sábado, 6 de junho de 2009
Why the Sahara undermines the Mediterranean Union
To achieve its goal of Mediterranean unity, the EU needs to be committed to the UN s goal of self-determination for Western Sahara.
The EU s attempt to create a union including nations on both sides of the Mediterranean has considerable merit. The trouble is that its idealism falters in the face of reality. This is most evident in the case of Western Sahara.
The challenge posed by reality is, in fact, captured in the subtle change of name of the body. Until July 2008, it was to have been the Mediterranean Union . Now we have the Union for the Mediterranean . This is no mere tweaking of semantics. It is recognition of the fact that the states along the Mediterranean s southern coast are a long way from anything like a union.
In recognition of this reality, the agenda has shifted away from more lofty goals. While the original trans-Mediterranean partnership process – the Barcelona Process – aimed to create “a common area of peace and stability underpinned by sustainable development, rule of law, democracy and human rights”, the agenda since 2008 has had a more prosaic focus, on trade and investment.
This political evolution is also an attempt to skirt around the fact that Africa s last remaining colony sits squarely within the proposed union.
That colony is, of course, Western Sahara, which was forcibly annexed and occupied by Morocco. Without a sustainable solution here, no union – whether of the Mediterranean or the Maghreb – will have a real impact.
The United Nations has set out what such a solution could be: a referendum on self-determination. It did so after the International Court of Justice said in 1975 that it could “not establish any tie of territorial sovereignty between the territory of Western Sahara and the Kingdom of Morocco”. In short, the annexation is illegal.
The UN has advocated a referendum since the early 1960s. Morocco itself backed the idea in the early 1980s and accepted the UN s settlement plan of 1990. However, attempts to establish the basis for a vote on self-determination have been blocked by Morocco – now under a new monarch – and by supporters in the UN Security Council.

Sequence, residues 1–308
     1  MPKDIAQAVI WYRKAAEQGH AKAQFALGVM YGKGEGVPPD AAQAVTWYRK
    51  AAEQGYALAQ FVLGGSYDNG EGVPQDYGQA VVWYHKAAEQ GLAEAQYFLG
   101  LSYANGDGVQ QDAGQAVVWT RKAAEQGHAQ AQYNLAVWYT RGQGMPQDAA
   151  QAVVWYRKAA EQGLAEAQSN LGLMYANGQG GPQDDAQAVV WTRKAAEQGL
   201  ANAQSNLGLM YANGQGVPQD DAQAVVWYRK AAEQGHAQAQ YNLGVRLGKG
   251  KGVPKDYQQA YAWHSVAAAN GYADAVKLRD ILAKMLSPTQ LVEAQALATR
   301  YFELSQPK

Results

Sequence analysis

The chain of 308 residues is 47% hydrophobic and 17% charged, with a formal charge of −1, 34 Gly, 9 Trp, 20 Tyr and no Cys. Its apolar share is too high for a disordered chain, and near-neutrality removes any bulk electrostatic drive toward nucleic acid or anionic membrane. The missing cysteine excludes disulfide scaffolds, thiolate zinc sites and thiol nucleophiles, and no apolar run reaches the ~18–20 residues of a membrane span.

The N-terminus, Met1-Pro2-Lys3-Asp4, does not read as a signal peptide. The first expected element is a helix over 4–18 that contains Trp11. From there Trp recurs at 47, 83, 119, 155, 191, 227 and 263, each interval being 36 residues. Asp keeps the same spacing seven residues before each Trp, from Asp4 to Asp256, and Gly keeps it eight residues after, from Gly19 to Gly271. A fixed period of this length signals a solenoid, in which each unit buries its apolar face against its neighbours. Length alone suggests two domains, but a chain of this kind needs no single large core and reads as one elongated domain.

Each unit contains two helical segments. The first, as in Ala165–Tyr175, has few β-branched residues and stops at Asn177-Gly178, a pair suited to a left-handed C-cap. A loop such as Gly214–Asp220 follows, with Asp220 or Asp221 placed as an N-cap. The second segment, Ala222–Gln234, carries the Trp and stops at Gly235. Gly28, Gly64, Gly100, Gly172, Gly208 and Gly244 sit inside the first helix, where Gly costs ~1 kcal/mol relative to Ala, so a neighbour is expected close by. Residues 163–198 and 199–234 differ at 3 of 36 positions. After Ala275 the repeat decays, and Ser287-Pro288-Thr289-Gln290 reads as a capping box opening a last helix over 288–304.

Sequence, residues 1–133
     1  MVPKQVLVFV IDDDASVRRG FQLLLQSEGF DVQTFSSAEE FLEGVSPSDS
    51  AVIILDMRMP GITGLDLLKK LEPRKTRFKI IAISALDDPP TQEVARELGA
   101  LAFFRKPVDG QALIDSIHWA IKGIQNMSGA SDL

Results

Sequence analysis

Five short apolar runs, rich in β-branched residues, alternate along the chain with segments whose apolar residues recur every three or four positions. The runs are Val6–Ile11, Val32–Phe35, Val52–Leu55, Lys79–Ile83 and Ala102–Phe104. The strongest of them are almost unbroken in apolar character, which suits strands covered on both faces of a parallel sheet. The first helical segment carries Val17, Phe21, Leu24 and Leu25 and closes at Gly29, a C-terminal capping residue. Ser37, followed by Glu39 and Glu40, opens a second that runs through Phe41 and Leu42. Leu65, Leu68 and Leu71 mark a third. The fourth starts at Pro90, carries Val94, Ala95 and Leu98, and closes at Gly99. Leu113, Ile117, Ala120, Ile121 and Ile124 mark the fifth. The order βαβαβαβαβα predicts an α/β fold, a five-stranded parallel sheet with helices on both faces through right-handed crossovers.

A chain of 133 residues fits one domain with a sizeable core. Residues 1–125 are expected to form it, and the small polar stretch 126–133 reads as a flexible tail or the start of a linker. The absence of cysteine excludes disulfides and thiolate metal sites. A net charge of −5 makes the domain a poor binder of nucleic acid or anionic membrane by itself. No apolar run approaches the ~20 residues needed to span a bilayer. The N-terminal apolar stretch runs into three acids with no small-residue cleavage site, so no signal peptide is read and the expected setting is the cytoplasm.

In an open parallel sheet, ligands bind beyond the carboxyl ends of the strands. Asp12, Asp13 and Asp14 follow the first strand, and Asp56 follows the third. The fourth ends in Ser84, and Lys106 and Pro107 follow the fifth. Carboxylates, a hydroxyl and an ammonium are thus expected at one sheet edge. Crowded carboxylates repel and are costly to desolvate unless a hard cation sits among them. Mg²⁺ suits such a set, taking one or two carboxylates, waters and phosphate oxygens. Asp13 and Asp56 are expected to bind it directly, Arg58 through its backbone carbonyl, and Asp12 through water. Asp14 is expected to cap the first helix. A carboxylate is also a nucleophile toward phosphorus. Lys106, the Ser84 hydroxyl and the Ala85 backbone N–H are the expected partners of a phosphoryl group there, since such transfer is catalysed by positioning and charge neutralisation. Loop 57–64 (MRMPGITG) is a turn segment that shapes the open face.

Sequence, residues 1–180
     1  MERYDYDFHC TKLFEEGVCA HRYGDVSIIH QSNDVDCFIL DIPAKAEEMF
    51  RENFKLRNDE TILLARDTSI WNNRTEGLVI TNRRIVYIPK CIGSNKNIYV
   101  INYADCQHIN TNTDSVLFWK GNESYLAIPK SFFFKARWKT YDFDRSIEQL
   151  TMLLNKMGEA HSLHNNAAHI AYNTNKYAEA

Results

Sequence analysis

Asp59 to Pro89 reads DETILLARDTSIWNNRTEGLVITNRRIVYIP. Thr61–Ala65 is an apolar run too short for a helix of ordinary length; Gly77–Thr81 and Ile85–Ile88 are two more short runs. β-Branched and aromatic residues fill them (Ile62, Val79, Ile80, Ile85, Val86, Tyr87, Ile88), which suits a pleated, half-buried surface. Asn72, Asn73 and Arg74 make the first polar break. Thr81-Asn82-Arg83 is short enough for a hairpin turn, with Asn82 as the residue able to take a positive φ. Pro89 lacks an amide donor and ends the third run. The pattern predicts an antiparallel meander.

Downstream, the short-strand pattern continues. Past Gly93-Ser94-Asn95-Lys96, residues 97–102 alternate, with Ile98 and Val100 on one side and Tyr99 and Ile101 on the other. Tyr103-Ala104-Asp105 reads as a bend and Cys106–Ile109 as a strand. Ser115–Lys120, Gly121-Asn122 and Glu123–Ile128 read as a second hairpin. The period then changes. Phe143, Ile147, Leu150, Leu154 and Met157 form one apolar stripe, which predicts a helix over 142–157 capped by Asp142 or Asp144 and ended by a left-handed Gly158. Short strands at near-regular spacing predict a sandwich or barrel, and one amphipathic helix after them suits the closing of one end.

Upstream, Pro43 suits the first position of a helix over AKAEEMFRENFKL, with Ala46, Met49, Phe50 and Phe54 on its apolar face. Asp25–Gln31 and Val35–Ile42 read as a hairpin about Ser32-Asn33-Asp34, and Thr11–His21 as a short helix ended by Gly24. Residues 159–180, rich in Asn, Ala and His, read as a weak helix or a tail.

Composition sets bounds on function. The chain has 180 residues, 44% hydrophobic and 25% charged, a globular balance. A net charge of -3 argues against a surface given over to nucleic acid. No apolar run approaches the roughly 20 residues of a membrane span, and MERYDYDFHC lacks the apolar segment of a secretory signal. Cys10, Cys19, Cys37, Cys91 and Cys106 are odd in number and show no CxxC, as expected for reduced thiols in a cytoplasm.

This stalemate is putting up political walls throughout the region, drawing battle-lines between expediency and justice. It is a major reason why intra-Maghreb trade and investment is both miniscule and complicated.
The continued, well-documented violation of the human rights of Sahrawis creates an ethical vacuum for any body, such as the Union for the Mediterranean, that seeks to create a trans-Mediterranean union.
Most European governments seem aware of this. So too is the European Parliament, which, in March, produced a report on human rights that voiced concern over continued abuses and recognised that abuses will continue until Sahrawis right to self-determination is recognised. That right is recognised by most members of the UN Security Council and the EU; those who are preventing recognition of that right are chiefly Morocco and France.
The current position of Morocco and France amounts to a disavowal of a process of organic self-determination in favour of a shoddy form of autonomy within Morocco. It ignores the basic human right to choose.
For any Mediterranean union to gain a foothold in reality, Morocco must be prepared to accept its own former proposal, a free and fair referendum.
Polisario, which represents Sahrawis who seek independence, has a vested interest in a Mediterranean union. It wants to see greater trade; it wants the southern Mediterranean region to have links – political, social and economic – with Europe that are stronger, but also free and fair. Such a union will remain merely an ideal as long as Western Sahara remains in its current state.
Mohammed Khadad is a member of the Polisario leadership and is its co-ordinator at the UN.